It's very small. Definitely not laptop friendly. In fact, it's bereft of tables. The bar for making coffee is larger than the seating area, which tells you something about their priorities. Coffee lovers have responded because the quality of their coffee is undeniably high. The barista does an excellent job with beans sourced from a friend's roastery in Jingdezhen.

The blend for espresso-based coffees is seasonal; the summer blend produced one of the best flat whites in town, with two types of Ethiopian beans — one washed, one natural — and one Guatemalan bean. The winter blend is beans from Costa Rica, Colombia and Ethiopia.

Soeng Lok (June 2019)


The Machine: La Marzocco
The Beans: Single origin, roasted in Shanghai
The Order: Gibraltar

This classy coffee joint by the long-running Shanghai coffee company T12 Group is in a century-old lanehouse with preserved details and… jazz! They offer two or three types of beans for espresso-based drinks, they sell beans they’ve roasted themselves and the space itself is not usually too busy. They never fail to ask how the coffee was. You'd want to sit here for hours, but the atmosphere signals it's for enjoying coffee and conversation, not working remotely.

Order the Gibraltar, with two shots of espresso and two ounces of frothed milk, served in a Gibraltar rock glass. It’s intense and delicious.

Café Onair (August 2019)


The Machine: La Marzocco
The Beans: Ethiopia, Beijing partner roast
The Order: Latte

A long-time favorite, Café Onair started a proper eatery in 2019! I'm no foodie but I'm sure I’m not wrong about this place. Style-wise, it’s very similar to the iconic Huaihai Lu and Lixi Lu locations: a long room lit with soft lighting and modest designer furniture.

The current brew for espresso is a match for the rich flavors of the food, which is what you’re probably here for. I still prefer the Lixi Lu location, and its reverence to the bean, but of all the coffee shops that added food in 2019 (it was a trend), this one is balancing the two the best.

There is a strategic spot outside, great for enjoying sunny days and people-watching on Sinan Lu. But you have to be quick to get it.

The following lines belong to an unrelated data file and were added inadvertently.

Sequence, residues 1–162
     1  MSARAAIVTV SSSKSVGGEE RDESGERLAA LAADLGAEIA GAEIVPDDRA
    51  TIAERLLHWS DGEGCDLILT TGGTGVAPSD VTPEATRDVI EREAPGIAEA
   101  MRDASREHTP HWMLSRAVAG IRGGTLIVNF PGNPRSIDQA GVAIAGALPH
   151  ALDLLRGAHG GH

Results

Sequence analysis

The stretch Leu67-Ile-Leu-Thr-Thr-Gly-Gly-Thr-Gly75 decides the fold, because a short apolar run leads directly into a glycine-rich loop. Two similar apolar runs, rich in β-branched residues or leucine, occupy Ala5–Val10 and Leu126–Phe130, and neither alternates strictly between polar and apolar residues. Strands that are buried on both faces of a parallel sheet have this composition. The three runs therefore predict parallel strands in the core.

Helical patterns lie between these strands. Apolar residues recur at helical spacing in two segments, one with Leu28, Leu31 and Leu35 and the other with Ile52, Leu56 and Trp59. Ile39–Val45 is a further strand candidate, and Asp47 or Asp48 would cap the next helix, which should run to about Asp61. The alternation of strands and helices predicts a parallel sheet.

By Coffee / Bu You (不右) (September 2019)


The Machine: Synesso
The Beans: Various local types
The Order: Piccolo

By Coffee opened in September, by a five-year veteran of Uncle No Name Espresso. The key difference here is that they have a large variety of beans for espresso-based drinks, not just one or two, and they come from different roasters around China. It’s “curated”.

Most beans are roasted domestically, though some beans for filter coffee are from abroad. Plus, Fourth Wave! Try the espresso tonic with a twist: Bundaberg ginger beer.

Like Miar, the coffee making area is only separated from customers by a small counter. Tight seating and limited space make it intimate. Not great for a date or for work — you will get bumped — but good for coffee!

100FFEE CAFE / 百啡待兴 (October 2019)


The Machine: La Marzocco
The Beans: International roasters, and Urban Coffee Roasters for espresso
The Order: Flat White or Pour over with pumpkin spice blend from Paradise Coffee Roasters (Hawaii).

100FFEE Cafe (no idea how to pronounce it) are a recent wanghong favorite spot, which I don't understand because the interior is nothing special, painted a weird beige and green, and not very cozy. The outdoor patio is quite popular.

Nevermind the looks, though, there is a good and interesting selection from different countries for pour over. Urban Coffee Roasters (the good and expensive brand from Hong Kong) provides their espresso blend.

Maybe, for once, the wanghong crowd are actually going for the quality of the coffee?

Picnic Gallery (October 2019)


The Machine: Slayer
The Beans: Mobydick Coffee
The Order: Fake Oreo

Another trend in 2019: coffee shop as art gallery. Picnic Gallery is part of that trend and has the tastiest coffee in the genre. It’s a mini art gallery with cool furniture and rotating monthly art exhibitions.

The two-story space has an iconic view of Shanghai’s plane trees through its glass walls. Grab a bench outside or get comfy upstairs — as much as designer furniture and a wanghong environment allow.

Picnic Gallery doesn’t compromise on coffee. The barista used to work at Yongkang Lu's Beautiful Concept. She will pour you a beautiful latte or recommend something more inventive. They also plan to partly change signature drinks menu depending on exhibition colors and mood and offer seasonal fruit drinks: I had persimmon juice. (Sometimes I need something that’s not coffee.)

For people who like sweet drinks, the order here is the Fake Oreo, a cousin to the dirty coffee in which a shot of espresso is layered with sweetened milk, served in something like a brandy glass. Expect drinks here to be pricey, the trade-off for the beautiful space.